09/30/2003 6:44 PM ET
Red Sox put their faith in Martinez
Boston has ace healthy and pitching at his very best
OAKLAND -- The Red Sox don't just have their ace on the mound for Game 1 of the Division Series against the A's. They have the man regarded in most baseball circles as the ace among aces.
By Ian Browne / MLB.com
They have Pedro Martinez in 100 percent health, and pitching his best baseball of the season.
"There's no better guy you'd want going Game 1 for you then him," Sox catcher Jason Varitek said. "He's a guy we want to set the tone for us."
As for just how supremely confident Martinez might be heading into this series -- which kicks off Wednesday night at Network Associates Coliseum -- the three-time Cy Young Award winner didn't choose to share those comments with the national media.
Martinez, who hasn't spoken on the record since July, opted not to change that pattern on the eve of the postseason.
Just call him the silent assassin. Martinez does plenty of talking with the array of filthy stuff that comes out of his invaluable right arm.
In September, Martinez quite simply was feeling it. In his last five starts, he was 4-0 with an 0.82 ERA.
"Pedro's the best I've seen him in two years right now," said Sox manager Grady Little. "There's no one else we'd rather have on the mound."
The A's would probably say the same thing about Tim Hudson, who starts Game 1. In fact, Hudson outdueled Martinez in a 4-0 victory on Aug. 11.
But take the body of work over the last seven years and Martinez is probably the best there's been, though Randy Johnson -- who was hindered by injuries this year -- would probably have an argument.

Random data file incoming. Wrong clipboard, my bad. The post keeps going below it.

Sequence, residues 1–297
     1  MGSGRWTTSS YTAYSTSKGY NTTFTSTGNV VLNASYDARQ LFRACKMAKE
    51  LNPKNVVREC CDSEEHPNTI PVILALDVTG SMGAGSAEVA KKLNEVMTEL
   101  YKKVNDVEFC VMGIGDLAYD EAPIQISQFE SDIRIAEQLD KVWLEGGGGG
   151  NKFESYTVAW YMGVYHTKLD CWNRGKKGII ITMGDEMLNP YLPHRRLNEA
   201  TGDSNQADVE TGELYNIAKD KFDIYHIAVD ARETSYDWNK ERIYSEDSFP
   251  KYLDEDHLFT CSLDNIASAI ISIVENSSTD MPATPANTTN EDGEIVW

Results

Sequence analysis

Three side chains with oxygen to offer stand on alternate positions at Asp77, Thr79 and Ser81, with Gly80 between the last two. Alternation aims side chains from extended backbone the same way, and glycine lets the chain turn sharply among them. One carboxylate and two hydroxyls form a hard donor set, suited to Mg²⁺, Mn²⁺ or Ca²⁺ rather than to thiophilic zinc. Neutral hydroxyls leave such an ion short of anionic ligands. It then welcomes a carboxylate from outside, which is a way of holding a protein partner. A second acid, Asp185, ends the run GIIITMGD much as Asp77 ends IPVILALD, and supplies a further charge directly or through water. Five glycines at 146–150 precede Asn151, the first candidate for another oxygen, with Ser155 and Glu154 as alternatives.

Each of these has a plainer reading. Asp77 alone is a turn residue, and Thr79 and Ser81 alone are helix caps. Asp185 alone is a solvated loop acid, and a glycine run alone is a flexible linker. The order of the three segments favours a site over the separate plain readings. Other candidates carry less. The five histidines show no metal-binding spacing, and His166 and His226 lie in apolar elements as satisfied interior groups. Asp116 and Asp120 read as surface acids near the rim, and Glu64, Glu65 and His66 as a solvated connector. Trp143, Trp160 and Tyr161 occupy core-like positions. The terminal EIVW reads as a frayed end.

What sets Martinez above virtually everyone else?
"He's got great stuff and add that with a great ability to pitch and a huge competitiveness, and you've got Pedro," said Varitek.
What that added up to this season was a 14-4 record, an AL-leading 2.22 ERA and 206 strikeouts. All of this in just 29 outings and 186 2/3 innings.
Martinez's overall workload was cut a little short by a strained muscle in his right side that landed him on the disabled list in mid-May, as well as a severe throat infection that forced him out of a start in August.
But those annoying obstacles during the season could actually be a blessing as he's about to pitch his most important game in four years.
"Pedro's the best I've seen him in two years right now. There's no one else we'd rather have on the mound."
-- Grady Little
A fresh and healthy Pedro is an even more daunting Pedro than usual to the opposition.
He has risen to the occasion at this time of year in the past.
Who could forget his six no-hit innings out of the bullpen in clinching Game 5 of the Division Series against Cleveland in 1999. Just think, Martinez wasn't even healthy that night.
"He ended the season healthy and he's throwing the ball well," Varitek said. "To be able to go out there with a healthy mind and a strong body, I like what he can bring."
What he brings is a fastball that doesn't have the high 90s bite of a couple of years ago, but has pinpoint location. What he also brings is what is arguably the best change-up in the game.
Throw in his curve, his cutter and his thorough knowledge of himself and his opponents, and you have an artist who is all but impossible to replicate.
The few times Martinez has pitched in postseason, he's been virtually untouchable. In four appearances, he's 3-0 with a 1.13 ERA.
"It would be huge to win Game 1 and we have our best going," Sox second baseman Todd Walker said. "I'm sure he's feeling pretty confident and good about himself."
Which, in turn, makes the Red Sox feel pretty confident and good about themselves.
Ian Browne is a reporter for MLB.com. This story was not subject to the approval of Major League Baseball or its clubs.